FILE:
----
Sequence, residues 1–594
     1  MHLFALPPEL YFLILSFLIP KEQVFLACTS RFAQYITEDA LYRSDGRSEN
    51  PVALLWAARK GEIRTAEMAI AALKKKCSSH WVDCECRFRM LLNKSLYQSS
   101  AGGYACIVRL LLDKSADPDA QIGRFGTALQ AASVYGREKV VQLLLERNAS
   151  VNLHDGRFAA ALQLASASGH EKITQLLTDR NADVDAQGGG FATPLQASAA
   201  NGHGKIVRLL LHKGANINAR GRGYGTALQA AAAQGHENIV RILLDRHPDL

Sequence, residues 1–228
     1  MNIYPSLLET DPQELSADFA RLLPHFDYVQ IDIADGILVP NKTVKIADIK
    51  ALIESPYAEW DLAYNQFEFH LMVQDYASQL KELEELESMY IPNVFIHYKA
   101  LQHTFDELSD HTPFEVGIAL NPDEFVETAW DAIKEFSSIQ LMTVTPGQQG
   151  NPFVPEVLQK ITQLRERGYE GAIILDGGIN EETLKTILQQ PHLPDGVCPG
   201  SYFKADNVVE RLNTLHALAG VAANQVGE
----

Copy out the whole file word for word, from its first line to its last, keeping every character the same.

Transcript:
Sequence, residues 1–594
     1  MHLFALPPEL YFLILSFLIP KEQVFLACTS RFAQYITEDA LYRSDGRSEN
    51  PVALLWAARK GEIRTAEMAI AALKKKCSSH WVDCECRFRM LLNKSLYQSS
   101  AGGYACIVRL LLDKSADPDA QIGRFGTALQ AASVYGREKV VQLLLERNAS
   151  VNLHDGRFAA ALQLASASGH EKITQLLTDR NADVDAQGGG FATPLQASAA
   201  NGHGKIVRLL LHKGANINAR GRGYGTALQA AAAQGHENIV RILLDRHPDL

Sequence, residues 1–228
     1  MNIYPSLLET DPQELSADFA RLLPHFDYVQ IDIADGILVP NKTVKIADIK
    51  ALIESPYAEW DLAYNQFEFH LMVQDYASQL KELEELESMY IPNVFIHYKA
   101  LQHTFDELSD HTPFEVGIAL NPDEFVETAW DAIKEFSSIQ LMTVTPGQQG
   151  NPFVPEVLQK ITQLRERGYE GAIILDGGIN EETLKTILQQ PHLPDGVCPG
   201  SYFKADNVVE RLNTLHALAG VAANQVGE